Can Cytokines Predict the Severity of Acute Mucositis and the Need for PEG During Chemo-Radiation Treatment to Head and Neck Cancer?
Mucositis has a significant detrimental effect on patient's quality of life in terms of
pain, ability to eat, to swallow and talk. It may be so severe that an interruption of
therapy is required, consequently influencing tumor response and overall patient outcome.
The degree of mucositis varies between different patients: some patients may develop a
limited condition, confined to patches of mildly sore erythematous mucosa, while others may
experience diffuse areas of painful ulceration.
In the more severe cases, pain may be so overwhelming that it prevents patients from
swallowing food and fluids. The patient is therefore at a risk to develop malnutrition, and
must be treated vigorously. In this respect, the use of gastrostomy tubes (PEG) has been
shown to be beneficial.
Another aspect of radiation induced mucositis is its health-care costs. Patients with more
severe mucositis have statistically greater outpatient support costs; these include
maintenance of appropriate nutritional and hydration support, such as placement of
gastrostomy tubes. In the U.S, the mucositis overall medical costs are in the order of
approximately $3000±$1000, per treatment.
Completion of the full course of irradiation, without interruption, is important for
achieving best possible results in cancer of the H&N. It is therefore essential to identify
and refer patients at risk to receive effective and timely nutritional intervention.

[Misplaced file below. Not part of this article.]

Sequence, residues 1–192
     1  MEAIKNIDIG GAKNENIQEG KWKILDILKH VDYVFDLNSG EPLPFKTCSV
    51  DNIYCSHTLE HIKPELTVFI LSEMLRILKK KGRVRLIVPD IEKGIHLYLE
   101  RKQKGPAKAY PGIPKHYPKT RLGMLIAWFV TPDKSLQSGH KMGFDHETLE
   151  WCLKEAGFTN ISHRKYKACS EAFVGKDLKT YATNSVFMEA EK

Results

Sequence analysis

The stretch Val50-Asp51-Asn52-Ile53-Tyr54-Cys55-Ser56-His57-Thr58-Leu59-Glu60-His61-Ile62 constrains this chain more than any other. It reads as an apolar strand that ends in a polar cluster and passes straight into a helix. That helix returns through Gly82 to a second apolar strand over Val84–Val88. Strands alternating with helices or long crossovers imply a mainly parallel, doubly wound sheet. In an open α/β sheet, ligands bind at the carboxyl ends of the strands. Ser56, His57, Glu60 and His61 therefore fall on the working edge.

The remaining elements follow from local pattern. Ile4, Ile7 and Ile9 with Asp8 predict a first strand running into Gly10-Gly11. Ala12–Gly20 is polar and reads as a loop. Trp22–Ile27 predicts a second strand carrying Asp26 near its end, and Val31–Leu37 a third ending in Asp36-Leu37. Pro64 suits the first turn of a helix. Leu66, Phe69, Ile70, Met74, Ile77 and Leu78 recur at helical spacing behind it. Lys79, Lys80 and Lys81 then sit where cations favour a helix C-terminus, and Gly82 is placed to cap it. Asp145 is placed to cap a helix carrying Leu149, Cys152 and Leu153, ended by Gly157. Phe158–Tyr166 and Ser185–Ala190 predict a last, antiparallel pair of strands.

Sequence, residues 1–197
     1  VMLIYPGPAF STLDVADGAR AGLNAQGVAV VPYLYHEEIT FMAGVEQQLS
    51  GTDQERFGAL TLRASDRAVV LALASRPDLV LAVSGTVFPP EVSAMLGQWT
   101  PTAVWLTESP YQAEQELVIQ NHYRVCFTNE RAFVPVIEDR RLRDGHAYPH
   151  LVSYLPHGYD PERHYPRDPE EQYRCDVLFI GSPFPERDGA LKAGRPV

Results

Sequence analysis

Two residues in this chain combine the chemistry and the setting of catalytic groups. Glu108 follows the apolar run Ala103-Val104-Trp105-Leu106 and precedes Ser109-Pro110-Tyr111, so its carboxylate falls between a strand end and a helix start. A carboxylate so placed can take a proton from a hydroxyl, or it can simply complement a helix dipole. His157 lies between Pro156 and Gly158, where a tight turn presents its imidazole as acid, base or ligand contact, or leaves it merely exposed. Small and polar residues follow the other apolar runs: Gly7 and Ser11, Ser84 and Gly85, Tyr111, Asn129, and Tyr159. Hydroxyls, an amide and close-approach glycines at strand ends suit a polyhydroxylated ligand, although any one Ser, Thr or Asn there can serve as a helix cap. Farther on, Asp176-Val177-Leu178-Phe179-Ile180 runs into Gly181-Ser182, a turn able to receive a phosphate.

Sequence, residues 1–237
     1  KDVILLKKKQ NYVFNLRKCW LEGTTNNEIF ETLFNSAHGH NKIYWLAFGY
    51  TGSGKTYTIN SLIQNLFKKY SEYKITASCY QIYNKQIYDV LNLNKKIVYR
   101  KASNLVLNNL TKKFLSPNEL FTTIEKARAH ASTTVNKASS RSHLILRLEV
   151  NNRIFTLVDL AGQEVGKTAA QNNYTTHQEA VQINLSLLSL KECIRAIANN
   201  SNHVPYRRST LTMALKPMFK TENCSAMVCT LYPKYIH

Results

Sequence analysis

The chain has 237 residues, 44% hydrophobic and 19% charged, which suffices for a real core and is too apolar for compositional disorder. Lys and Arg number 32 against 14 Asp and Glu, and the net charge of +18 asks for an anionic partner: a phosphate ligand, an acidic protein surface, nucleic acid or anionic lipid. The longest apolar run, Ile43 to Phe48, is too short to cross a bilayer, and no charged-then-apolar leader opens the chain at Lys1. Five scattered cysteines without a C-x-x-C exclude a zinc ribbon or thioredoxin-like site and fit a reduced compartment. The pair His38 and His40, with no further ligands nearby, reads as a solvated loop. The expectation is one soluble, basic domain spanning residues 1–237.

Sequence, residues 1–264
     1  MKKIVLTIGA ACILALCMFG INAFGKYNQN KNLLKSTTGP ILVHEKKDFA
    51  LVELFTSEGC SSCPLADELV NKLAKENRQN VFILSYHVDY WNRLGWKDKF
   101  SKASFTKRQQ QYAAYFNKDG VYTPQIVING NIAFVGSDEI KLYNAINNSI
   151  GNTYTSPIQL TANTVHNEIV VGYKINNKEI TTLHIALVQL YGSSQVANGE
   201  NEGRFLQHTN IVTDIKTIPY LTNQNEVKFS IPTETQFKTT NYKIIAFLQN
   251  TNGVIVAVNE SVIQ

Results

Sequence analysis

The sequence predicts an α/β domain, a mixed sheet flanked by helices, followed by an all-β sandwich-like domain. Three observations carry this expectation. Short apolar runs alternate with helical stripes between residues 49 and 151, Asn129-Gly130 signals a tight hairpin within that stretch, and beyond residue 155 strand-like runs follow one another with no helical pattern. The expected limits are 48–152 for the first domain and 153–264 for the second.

Since mucositis represents a clinical continuum which differs between patients, it is
difficult to assess before-hand which patients will be at risk to develop severe mucositis
during the course of radiotherapy. In today's practice, patients undergoing radiation
therapy of the H&N will undergo feeding gastrostomy by the treating physician prior to the
treatment if he will anticipate severe mucositis, based on the radiation fields, the
chemotherapy used, and his prior experience. Some of these procedures were eventually
unnecessary. In cases where gastrostomy was not placed a priory, the common practice is
monitoring the patients during treatment. If their weight loss exceeds 10% of their initial
body weight, a feeding gastrostomy is recommended (at this time point, the mucositis is
usually severe, and many patients need admission for fluid administration and semi-urgent
Unfortunately, there is no simple laboratory tool available, which could predict which
patients are susceptible to develop severe mucositis and dysphagia, and eventually will
require a feeding gastrostomy.
Mucositis develops in four successive phases: an inflammation phase, an epithelial phase, an
ulceration phase and lastly, a healing phase.
The first phase, inflammation, is also entitled "the initial tissue injury phase", and it
results in the production of pro-inflammatory cytokines such as IL-1 and TNF-α .
In general, the inflammatory cytokines IL-1, IL-6 and TNF-α are elevated in inflammatory
conditions and are found in increased levels in blood and tissue fluid during inflammation,
while anti-inflammatory cytokines are produced in a decreased manner.
In breast cancer patients, it has been shown that changes in cytokines levels, Including
IL-1β and IL-6, also correspond with the response of the malignant tissue to treatment. In
this case, a good clinical response to therapy has been associated with decreases in IL-1β
and IL-6 levels, versus increases in their levels which have been associated with the
progression of the disease. Furthermore, tumor markers such as the cytokeratin TPS, have
been shown to be sensitive in assessing the tumor's response to therapy and the patient's